When we think of women's suffrage, we tend to think about the 19th Amendment and the pioneering steps taken by women around the country to fight for their right to vote. What we often miss is that the women’s suffrage movement notoriously discriminated against women of color.
These racist sentiments are extremely telling of America’s reluctance to grant voting rights to all people to this day. Due to a number of discriminatory systems, many women and individuals, in general, didn’t fully receive their right to vote until as late as 1975. Then, Congress and the Supreme Court amended the Voting Rights Act of 1965 to offer protections for “language minority citizens,” which protected voting rights for Latinx, Asian, and other minority citizens of all genders in the United States.
The U.S. maintains a long history of voter suppression based on gender, as well as other identities, therefore it is no coincidence that today, through a series of actions such as gerrymandering, voter intimidation, removal of polling places, and other outside forces, voter suppression continues to persist beyond the scope of gender. It is our duty to acknowledge America’s history of voter suppression and take steps to ensure that all Americans can and will vote in every election, regardless of identity.
There is no doubt that the Suffragists pioneered one of the most important movements in the fight for equal rights for women. Thousands marched for their right to participate in fair and free elections, however, women of color were met with racist backlash. As a result, BIPOC women were told to march at the back of parades or not at all, leading to the formation of the Equal Suffrage League of Kings County by Sarah J.S. Garnet, which supported voting rights for Black and Asian women in the late 19th and early 20th centuries.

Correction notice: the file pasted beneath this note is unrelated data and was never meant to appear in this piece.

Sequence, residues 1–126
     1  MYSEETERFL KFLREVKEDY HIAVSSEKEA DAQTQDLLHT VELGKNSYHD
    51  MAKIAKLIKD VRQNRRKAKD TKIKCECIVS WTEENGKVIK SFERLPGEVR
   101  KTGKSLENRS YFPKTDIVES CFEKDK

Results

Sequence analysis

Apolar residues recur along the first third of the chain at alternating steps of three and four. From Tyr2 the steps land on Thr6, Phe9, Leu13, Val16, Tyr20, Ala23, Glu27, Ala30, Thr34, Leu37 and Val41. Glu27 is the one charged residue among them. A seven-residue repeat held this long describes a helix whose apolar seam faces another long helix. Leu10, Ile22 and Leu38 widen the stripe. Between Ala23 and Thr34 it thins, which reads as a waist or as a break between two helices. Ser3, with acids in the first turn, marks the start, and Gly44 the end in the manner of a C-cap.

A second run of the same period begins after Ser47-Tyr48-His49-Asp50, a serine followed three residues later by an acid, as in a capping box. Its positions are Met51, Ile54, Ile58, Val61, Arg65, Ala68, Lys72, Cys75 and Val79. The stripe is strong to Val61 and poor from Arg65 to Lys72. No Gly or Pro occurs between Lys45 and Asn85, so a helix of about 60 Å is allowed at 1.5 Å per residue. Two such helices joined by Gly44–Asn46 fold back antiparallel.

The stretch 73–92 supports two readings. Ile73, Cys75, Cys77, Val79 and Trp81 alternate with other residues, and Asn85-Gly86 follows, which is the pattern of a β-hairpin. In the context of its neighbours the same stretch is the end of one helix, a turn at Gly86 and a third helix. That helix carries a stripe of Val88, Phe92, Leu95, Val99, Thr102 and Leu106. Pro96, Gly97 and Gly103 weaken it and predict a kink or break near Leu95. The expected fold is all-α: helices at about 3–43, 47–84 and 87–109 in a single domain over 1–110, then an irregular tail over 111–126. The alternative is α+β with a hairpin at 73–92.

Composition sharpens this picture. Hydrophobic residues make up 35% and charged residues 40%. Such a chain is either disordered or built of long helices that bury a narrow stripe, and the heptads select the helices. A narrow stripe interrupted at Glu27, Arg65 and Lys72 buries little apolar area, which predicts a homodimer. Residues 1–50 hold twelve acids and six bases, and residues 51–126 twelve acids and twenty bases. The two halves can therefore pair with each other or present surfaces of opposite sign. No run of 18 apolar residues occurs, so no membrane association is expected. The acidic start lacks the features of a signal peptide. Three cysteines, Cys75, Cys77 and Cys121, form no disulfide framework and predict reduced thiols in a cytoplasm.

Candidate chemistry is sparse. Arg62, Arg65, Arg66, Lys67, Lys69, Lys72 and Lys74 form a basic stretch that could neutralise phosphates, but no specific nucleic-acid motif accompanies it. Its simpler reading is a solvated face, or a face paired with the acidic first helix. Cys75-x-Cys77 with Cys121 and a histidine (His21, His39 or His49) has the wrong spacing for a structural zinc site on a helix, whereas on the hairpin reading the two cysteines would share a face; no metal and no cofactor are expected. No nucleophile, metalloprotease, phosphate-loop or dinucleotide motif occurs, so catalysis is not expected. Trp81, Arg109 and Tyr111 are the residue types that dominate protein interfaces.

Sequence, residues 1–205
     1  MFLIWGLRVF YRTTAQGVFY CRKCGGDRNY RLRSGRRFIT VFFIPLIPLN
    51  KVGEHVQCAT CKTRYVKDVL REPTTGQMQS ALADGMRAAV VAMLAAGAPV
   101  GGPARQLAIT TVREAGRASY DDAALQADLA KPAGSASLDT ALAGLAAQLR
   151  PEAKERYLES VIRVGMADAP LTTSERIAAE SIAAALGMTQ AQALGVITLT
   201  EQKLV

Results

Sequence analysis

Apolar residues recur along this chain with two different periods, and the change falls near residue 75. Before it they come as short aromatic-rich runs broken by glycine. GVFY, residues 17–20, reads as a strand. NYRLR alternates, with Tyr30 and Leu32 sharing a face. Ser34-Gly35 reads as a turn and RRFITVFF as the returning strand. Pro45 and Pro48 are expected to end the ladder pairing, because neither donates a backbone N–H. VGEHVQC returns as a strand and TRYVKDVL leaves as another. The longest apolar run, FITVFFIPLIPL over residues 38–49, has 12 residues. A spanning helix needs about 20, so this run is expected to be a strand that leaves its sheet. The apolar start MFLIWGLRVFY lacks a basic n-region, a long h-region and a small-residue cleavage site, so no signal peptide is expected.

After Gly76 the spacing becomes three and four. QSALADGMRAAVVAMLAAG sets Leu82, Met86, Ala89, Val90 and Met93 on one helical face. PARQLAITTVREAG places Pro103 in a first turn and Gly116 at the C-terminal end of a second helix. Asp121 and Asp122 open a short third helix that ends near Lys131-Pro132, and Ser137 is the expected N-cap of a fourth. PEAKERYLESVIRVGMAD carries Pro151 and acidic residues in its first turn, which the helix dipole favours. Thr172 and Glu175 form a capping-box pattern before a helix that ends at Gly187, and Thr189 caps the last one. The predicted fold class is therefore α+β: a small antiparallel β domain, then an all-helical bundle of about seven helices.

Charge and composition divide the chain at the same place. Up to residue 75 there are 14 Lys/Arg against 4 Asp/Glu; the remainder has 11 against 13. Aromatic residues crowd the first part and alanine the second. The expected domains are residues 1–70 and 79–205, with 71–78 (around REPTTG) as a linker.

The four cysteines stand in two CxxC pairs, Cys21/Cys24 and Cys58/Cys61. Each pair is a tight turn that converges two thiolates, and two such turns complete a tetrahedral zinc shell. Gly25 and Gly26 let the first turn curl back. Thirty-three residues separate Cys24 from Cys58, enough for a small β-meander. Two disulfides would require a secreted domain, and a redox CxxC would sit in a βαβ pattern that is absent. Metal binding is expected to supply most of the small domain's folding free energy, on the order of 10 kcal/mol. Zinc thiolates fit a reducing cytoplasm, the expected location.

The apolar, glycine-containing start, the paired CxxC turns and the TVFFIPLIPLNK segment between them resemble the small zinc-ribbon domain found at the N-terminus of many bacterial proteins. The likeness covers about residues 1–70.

Eventually, after the 19th Amendment was passed into the constitution in 1924, Black women in northeastern states (such as New York) were able to vote and run for office. Nonetheless, Asian women would have to wait until the ’50s, Southern Black and Native women until the ’60s, and Latinx women until the ’70s to fully participate in their rights to vote across the country.
Even as the nation opened up to the prospects of female representation, Black and Latinx Americans experienced thorough systemic voter suppression efforts through the mid-1970s despite the passing of the Voting Rights Act of 1965. Latinx individuals as a whole were essentially barred from voting via omission of language choice in ballots, gerrymandering, and lack of accountability in local precincts to uphold the 1965 Voting Rights Act (which amended the 19th Amendment and promised to protect individuals in a so-called “language minority” and people taught in schools whose primary language of instruction was not English (i.e. Puerto Ricans, Hawaiians, etc.)).
However, even with sweeping changes to suppressive voting practices that left out marginalized peoples, the Act still failed to protect those within the “language minority.” Non-native English speaking citizens still felt the reaching arms of discrimination in their areas for not being able to fully comprehend and participate in elections due to language barriers.